In 2017, special Recognition was given to Telecommunicator Troy Irving for his skill and professionalism during a cardiac arrest call where a patron of a business collapsed and stopped breathing. His quick actions to ensure that CPR was being performed properly with the use Emergency Medical Dispatching Protocols along with the efforts of the bystanders saved the life of the patient.
The 2017/2018 Telecommunicator of the Year Award went to the two shifts working the beginning of the June 2017 flood event. They were recognized for their dedication, perseverance, hard work, excellent teamwork, work ethic, performance, outstanding multi-tasking skills and resilience. These shifts included Brad Keskey, Dave Rice, Julie Kraniak, Stephanie Curtiss-Person, Stephanie Ponte, DJ Wilkins and Melissa Snelling.
In 2019, special recognition was given to Telecommunicator Tracey Lendzion for her life saving skills on a cardiac arrest call. Tracey navigated the challenges of this call with skill and professionalism. Her quick actions and skill to ensure that CPR and the use of the AED were being performed properly along with the citizens on scene saved this patient.
In 2019, special recognition was given to Supervisor John Woods for his life saving skills on a cardiac arrest call. John’s quick and knowledgeable actions along with the patient’s son on scene helped saved this patient. Midmichigan Hospital has noted a 22% increase in patient survival, which is partially, attributed to CPR being initiated as quickly and efficiently as possible.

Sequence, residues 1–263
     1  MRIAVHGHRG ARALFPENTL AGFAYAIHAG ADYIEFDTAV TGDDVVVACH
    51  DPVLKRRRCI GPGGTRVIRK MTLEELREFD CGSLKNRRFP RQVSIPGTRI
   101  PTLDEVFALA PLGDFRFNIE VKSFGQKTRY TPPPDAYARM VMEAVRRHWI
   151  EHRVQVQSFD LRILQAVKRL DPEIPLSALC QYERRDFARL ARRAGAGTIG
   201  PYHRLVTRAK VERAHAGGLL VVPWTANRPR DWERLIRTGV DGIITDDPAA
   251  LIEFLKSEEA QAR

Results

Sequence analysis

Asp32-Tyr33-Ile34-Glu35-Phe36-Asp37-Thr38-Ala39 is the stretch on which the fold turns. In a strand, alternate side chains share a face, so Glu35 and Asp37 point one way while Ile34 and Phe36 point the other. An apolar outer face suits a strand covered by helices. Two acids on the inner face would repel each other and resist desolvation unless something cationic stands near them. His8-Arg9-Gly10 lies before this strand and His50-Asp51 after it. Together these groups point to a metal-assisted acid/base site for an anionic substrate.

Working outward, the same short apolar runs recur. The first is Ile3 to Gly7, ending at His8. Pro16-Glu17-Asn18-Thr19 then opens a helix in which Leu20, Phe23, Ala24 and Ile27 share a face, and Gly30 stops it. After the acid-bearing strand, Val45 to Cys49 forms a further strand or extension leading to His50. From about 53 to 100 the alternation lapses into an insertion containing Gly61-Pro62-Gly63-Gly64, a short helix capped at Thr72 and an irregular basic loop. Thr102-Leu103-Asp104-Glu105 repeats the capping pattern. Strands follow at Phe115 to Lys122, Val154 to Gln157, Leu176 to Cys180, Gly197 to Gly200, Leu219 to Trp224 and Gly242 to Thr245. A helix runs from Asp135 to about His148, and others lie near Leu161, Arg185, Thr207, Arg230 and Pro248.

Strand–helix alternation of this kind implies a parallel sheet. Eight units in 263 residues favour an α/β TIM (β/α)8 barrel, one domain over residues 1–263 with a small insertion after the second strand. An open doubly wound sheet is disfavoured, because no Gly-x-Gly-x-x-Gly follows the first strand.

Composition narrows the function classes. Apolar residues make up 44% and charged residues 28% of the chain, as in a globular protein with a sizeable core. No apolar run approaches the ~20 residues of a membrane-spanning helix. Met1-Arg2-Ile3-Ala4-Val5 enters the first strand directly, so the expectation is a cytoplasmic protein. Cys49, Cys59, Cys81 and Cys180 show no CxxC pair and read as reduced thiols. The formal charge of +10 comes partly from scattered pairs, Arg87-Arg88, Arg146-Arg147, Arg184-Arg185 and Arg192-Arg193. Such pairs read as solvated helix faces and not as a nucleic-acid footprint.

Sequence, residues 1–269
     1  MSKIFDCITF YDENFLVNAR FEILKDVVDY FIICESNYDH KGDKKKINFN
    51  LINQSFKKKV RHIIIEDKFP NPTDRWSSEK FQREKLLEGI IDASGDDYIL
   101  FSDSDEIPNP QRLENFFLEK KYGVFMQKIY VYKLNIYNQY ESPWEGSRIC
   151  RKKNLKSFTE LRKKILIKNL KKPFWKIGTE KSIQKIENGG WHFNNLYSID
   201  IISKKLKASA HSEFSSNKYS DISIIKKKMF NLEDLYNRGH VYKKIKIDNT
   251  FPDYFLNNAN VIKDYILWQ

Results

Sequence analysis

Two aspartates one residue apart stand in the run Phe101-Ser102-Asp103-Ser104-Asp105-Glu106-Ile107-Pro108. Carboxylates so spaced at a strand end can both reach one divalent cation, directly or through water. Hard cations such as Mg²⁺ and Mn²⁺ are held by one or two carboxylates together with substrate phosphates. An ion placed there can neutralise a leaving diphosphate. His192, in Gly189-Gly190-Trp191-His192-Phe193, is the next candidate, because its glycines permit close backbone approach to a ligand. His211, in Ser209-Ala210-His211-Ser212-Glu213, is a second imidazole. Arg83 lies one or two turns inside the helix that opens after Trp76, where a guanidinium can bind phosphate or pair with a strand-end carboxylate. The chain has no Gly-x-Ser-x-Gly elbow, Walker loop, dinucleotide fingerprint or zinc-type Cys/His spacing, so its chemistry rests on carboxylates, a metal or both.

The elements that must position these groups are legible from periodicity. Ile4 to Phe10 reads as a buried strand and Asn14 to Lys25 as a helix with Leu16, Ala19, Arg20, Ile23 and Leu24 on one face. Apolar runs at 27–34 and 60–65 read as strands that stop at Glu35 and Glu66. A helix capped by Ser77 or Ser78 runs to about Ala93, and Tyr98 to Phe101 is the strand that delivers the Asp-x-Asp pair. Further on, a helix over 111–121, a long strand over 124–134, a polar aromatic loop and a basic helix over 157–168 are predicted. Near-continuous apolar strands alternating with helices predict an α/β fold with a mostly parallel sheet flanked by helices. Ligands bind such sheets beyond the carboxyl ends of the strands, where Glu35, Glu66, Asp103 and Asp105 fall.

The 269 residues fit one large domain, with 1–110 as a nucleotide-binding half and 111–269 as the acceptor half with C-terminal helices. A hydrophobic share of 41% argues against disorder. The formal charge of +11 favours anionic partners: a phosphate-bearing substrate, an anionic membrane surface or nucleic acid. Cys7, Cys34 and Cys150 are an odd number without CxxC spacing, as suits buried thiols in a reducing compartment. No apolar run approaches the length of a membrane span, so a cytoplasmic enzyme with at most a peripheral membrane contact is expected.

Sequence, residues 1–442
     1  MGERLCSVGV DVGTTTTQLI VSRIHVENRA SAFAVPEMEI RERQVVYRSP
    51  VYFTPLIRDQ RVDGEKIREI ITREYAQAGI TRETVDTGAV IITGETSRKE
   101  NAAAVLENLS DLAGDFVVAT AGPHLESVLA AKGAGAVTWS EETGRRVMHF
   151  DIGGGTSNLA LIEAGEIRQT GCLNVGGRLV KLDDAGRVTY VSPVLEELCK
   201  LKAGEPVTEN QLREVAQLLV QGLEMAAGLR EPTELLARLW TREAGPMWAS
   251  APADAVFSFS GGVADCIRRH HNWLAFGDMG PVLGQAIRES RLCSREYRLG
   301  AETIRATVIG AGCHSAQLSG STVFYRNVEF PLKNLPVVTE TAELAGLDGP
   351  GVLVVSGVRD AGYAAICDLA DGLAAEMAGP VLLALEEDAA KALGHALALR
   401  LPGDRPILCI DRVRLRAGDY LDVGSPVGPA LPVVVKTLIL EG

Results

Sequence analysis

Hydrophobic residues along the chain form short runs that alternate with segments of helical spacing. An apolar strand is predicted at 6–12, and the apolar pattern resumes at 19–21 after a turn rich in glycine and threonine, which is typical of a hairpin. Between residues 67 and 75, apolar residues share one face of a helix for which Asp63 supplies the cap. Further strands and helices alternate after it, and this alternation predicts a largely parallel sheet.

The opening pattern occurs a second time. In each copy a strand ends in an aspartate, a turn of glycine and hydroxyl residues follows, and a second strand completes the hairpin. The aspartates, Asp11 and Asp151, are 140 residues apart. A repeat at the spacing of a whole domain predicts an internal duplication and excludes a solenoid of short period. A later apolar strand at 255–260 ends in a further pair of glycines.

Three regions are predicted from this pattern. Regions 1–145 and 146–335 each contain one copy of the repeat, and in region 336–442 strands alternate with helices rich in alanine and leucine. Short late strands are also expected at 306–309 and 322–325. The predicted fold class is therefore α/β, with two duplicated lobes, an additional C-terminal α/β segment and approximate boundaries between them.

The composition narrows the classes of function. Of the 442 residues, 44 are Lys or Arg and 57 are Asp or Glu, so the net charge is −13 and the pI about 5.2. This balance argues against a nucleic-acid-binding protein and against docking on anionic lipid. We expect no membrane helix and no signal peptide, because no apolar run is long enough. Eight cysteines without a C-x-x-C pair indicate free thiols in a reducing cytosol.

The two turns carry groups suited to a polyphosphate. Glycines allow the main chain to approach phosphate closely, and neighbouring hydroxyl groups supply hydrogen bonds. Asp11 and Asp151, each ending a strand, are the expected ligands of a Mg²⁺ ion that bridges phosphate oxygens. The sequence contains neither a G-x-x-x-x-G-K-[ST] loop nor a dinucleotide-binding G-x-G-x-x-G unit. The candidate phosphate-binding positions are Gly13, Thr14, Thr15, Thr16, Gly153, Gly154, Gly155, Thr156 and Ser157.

In 2019, special recognition was given to Supervisor Angela Sweebe-Ware for her role in locating a suspect involved in breaking and entering. Her actions, forethought, skill and professionalism ensured the safety of both the suspect and the law enforcement responders.
In 2020, special recognition was given to the entire dispatch team for their actions during the dam failures. Typically, during a 24-hour period, Midland County 911 receives approximately 200-300 emergency and non-emergency calls. During the first 24 hours of the dam failure events, Midland County 911 received 1,338 calls creating 702 public safety calls for service. Only seven of those 911 calls took more than 10 seconds to answer. The quick and skilled actions of the dispatchers during these events kept the citizens and responders safe during this catastrophic event and highlighted their knowledge, skills and professionalism.